Dow dives 2.2%, moves into the red for 2018

The Dow fell 504 points, or 2 percent, to 24,909.

Faced with these challenges, investors have lately turned to safer bets such as utilities, real estate companies, and makers of household goods. He will continue to remain chairman of French carmaker Renault, whose shares plunged after Ghosn's arrest and have yet to fully recover. Investors are anxious about the United States economic outlook on concerns over Apple's future earnings.

Consumer discretionary and technology lead gains in early trade.

Latest economic data showed new orders for key USA -made capital goods were unexpectedly unchanged in October and shipments rebounded modestly, which could temper expectations of an acceleration in business spending on equipment early in the fourth quarter.

Among tech stocks, Facebook sank 5.5 percent to $131.85, Microsoft fell to $104.44 and chipmaker Nvidia dropped another 11 percent to $146.38.

Tuesday's slide compounded Monday's losses on the Dow, resulting in a two-day losing streak of about 950 points, or 4 percent. Nissan said Ghosn and another senior executive, Greg Kelly, were accused of offenses involving millions of dollars that were discovered during an investigation set off by a whistleblower.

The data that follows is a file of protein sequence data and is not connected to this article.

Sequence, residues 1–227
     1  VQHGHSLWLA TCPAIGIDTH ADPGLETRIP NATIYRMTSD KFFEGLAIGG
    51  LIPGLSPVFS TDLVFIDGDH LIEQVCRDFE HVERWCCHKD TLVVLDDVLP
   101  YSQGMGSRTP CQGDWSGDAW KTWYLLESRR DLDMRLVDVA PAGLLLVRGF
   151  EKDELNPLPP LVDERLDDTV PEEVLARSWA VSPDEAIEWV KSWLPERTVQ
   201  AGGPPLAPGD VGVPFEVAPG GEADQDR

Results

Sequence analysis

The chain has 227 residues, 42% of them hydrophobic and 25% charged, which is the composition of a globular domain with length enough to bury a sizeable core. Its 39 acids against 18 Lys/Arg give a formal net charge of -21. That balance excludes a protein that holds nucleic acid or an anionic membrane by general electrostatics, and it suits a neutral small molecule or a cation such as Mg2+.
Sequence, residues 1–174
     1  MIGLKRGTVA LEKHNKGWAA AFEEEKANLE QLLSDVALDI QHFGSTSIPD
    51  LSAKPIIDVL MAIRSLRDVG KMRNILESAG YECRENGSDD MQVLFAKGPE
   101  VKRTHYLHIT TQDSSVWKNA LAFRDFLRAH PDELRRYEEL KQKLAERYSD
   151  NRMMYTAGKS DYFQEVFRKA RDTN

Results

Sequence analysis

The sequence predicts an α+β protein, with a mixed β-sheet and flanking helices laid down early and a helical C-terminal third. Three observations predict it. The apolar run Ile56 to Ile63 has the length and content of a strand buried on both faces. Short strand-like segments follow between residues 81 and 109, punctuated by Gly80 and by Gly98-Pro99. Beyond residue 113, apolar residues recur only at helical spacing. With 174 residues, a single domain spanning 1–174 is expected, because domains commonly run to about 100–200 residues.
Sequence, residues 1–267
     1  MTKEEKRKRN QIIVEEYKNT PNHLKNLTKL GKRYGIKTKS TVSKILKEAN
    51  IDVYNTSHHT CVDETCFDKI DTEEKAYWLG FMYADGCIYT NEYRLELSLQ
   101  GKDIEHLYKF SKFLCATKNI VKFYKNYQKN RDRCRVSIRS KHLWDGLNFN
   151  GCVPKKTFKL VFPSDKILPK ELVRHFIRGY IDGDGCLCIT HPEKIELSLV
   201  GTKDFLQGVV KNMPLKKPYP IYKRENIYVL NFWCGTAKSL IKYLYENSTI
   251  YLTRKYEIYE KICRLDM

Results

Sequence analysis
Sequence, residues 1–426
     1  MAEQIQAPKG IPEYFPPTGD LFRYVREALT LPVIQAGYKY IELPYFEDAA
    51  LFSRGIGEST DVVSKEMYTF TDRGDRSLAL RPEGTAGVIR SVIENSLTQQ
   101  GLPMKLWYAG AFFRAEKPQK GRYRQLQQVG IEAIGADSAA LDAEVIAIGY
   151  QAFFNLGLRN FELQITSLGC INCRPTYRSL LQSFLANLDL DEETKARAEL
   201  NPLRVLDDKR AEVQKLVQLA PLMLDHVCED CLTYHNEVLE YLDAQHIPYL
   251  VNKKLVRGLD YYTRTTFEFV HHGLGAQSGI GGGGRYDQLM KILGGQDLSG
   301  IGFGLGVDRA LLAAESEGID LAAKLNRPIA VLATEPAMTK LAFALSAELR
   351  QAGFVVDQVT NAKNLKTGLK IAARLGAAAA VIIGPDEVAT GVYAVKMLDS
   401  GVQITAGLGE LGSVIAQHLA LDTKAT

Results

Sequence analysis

The frenzied selling followed big losses Monday, when the Dow shed almost 400 points. Caterpillar fell 3.1 percent to $125.98 and Nike lost 3 percent to $72.52. Microsoft picked up 1.4 per cent to $103.11, but Apple lost 0.1 per cent to $176.89. The benchmark index is 9.9 percent below its September peak.

ENERGY: Oil prices rebounded Wednesday as benchmark USA crude gained 2.3 per cent to $54.66 a barrel in NY. Brent crude, the worldwide standard, lost 2 cents to $62.58.

The S&P 500 index fell 6 points, or 0.2 percent, to 2,729.

The pressure on technology stocks appeared to have eased on Wednesday, with the other members of the FAANG group - Amazon.com Inc, Netflix Inc and Alphabet Inc and Facebook Inc - gaining between 1.3% and 2.3%. Boeing was the biggest drag on the Dow Jones Industrial Average with a loss of 4.5 percent. The Mercury News of San Jose reported Saturday that the company said it had an outage at 6:45 a.m. on November 8 in Concow. Authorities say 76 people have been confirmed dead in the Camp Fire.

Industrial companies are also dropping as the downward momentum in stocks builds after steep losses Monday. Silver inched up 0.1 percent to $14.40 an ounce. Copper rose 1 per cent to $2.79 a pound. Crude oil prices are up about 2 per cent after they sank to a one-year low a day earlier.

CURRENCIES: The dollar rose to 112.98 yen from 112.40 yen. The euro strengthened to $1.1410 from $1.1403.

  • Eleanor Harrison